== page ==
Risks: Yet another instance of had I waited a day, I could have bought for about 5% less. The risk of focusing more on coronavirus-resistant companies, as opposed to seeking a slightly higher risk, higher return opportunity, played itself out here as well. There are some Canadian REITs that are trading at a much bigger discount to their NAV than CT.
May 13, 2020
Buy - Added to my position in BCE Inc. (TSX:BCE) in my unregistered account at $54.65
Reasons: Since I added to the position about two weeks prior, the yield has eclipsed 6%, their results were in-line with expectations, and apparently the company is making some progress in customer service which should result in lower churn if they can keep that up.
Risks: If you ever want to buy into a company that I add to, a great bet is to wait for the day after I make a purchase, and then save about 2%. Market timing is clearly not my strength. Another risk worth identifying is that I feel I'm looking for bullet-proof, coronavirus-resistant companies, as opposed to seeking a slightly higher risk, higher return opportunity. This might become a theme, to the detriment of my long-term returns.
April 30, 2020
Buy - Added to my position in Capital Power (TSX:CPX) in my unregistered account at $26.92
Reasons: I felt pretty comfortable adding more to this power producer whose EBITDA comes from 78% regulated activities. They are diversifying outside of Alberta, rated BBB-, and look to grow their dividend by 5-7%.
Risks: After buying on Thursday, mainly to continue my streak of purchases each month, CPX was down about 2% on Friday. I might be chasing yield growth right now as well with so many companies pause their payouts. Additionally, CPX is very exposed to Alberta which is experiencing tough time with the oil price route.
April 30, 2020
Buy - Added to my position in BCE Inc. (TSX:BCE) in my unregistered account at $56.50
Reasons: Yielding close to 5.9%, having just raised their dividend by 5%, and priced at about 16X P/E, I thought it was time to add to my BCE position in the first time in over 10 years (February 2010 was my last purchase). It's probably worth noting that during that 10-year period, BCE has delivered pretty consistent results despite the federal government and regulator finding ways to challenge them.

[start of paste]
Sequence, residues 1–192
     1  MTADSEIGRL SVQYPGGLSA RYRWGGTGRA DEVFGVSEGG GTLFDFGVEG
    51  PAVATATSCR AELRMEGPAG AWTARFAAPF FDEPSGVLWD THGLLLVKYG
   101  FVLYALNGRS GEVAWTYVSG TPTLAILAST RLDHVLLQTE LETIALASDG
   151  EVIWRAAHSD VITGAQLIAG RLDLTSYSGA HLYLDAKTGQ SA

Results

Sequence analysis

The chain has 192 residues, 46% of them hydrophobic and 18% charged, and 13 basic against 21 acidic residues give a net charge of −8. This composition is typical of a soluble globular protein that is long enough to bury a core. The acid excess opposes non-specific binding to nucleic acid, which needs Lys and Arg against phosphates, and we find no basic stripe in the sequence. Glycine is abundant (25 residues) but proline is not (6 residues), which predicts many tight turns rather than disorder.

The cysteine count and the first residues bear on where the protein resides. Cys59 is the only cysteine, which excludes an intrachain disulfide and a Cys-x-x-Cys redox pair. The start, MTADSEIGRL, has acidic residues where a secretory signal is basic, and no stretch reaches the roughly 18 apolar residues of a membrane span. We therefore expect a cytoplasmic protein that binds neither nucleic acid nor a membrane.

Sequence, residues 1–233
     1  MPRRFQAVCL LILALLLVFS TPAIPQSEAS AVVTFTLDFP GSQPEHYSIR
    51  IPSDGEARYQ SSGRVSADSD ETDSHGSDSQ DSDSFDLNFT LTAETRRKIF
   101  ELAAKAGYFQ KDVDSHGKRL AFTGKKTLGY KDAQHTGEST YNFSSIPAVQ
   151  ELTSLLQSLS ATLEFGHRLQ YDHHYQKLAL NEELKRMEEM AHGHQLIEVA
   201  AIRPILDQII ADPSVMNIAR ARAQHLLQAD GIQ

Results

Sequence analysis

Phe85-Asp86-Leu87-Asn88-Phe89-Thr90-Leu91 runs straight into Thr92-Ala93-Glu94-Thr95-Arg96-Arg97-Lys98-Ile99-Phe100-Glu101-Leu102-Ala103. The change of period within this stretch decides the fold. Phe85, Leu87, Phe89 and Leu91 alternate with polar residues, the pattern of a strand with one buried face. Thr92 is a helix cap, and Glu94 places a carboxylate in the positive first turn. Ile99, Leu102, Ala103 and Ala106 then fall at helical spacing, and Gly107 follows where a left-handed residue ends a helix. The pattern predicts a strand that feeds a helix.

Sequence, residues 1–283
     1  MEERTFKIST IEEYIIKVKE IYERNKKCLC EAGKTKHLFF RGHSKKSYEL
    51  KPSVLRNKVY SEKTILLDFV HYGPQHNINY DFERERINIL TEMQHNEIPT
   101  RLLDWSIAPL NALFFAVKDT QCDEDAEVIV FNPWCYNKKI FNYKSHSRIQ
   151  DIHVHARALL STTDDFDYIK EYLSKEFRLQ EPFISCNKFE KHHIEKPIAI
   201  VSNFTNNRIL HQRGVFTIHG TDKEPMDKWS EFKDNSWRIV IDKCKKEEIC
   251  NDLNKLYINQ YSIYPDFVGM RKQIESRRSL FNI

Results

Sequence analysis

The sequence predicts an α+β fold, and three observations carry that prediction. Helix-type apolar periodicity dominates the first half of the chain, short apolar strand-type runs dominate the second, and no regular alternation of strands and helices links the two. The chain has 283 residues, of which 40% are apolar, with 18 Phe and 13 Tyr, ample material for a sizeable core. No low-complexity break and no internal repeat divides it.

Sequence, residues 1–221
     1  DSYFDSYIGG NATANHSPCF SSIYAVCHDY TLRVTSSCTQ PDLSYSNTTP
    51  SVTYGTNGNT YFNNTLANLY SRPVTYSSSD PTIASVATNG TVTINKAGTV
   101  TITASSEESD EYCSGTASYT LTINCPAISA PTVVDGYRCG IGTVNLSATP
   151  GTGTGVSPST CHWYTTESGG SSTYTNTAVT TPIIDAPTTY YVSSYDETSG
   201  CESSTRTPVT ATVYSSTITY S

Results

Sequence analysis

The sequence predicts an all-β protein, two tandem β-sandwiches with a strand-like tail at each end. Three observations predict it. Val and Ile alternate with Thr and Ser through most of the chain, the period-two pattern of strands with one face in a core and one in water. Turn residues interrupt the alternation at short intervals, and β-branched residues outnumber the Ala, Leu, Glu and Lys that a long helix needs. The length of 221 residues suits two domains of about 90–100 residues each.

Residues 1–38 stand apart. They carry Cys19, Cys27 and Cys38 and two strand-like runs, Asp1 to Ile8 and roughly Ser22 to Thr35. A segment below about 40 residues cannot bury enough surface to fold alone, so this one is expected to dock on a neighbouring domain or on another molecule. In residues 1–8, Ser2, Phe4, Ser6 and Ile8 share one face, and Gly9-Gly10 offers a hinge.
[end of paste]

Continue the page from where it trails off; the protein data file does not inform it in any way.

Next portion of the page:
Risks: After buying on Thursday, mainly to continue my streak of purchases each month, the market was down about 2% on Friday. Market timing is clearly not my thing. I also wonder if the federal government and industry regulator will succeed in finding a way to have BCE lower their prices and/or improve customer choice.
April 29, 2020
Sale - Sold my position in Alaris Royalty (TSX: AD) in my Unregistered Account at $10.50
Reasons: With the yield around 16%, management announcing a change from a monthly to a quarterly dividend, and some large partners of Alaris unable to make royalty payments due to business closures related to coronavirus, I think a dividend cut in June is imminent. I've also grown a bit frustrated with Alaris's management selling some of their interests in some of their better performing partners over the past couple years.
Risks: Although I assume a dividend cut is imminent, I don't dislike Alaris's business model, and respect the fact management has allocated capital pretty well in a very challenging environment for private equity over the past couple years. There's some of Alaris's partners who I'd really like to invest in for the long-term (i.e. Planet Fitness & Body Contours), but I also see those as the most likely to be sold by the company. It's totally possible Alaris uses some corporate liquidity to keep the dividend constant and the market rewards them for that, I just don't think it's likely.
April 27, 2020
Sale - Sold my position in Tanger Factory Outlet Centers (NYSE: SKT) in my RRSP at $6.61
Reasons: With the yield hovering close to 25%, most of their centers closed by local government orders, and plans to "evaluate the payment and rate of any subsequent dividends" after paying out their dividend on May 15th, I took advantage of a 15% up-day on the stock as investors chased the dividend (holder of record date is April 29th) to exit my position.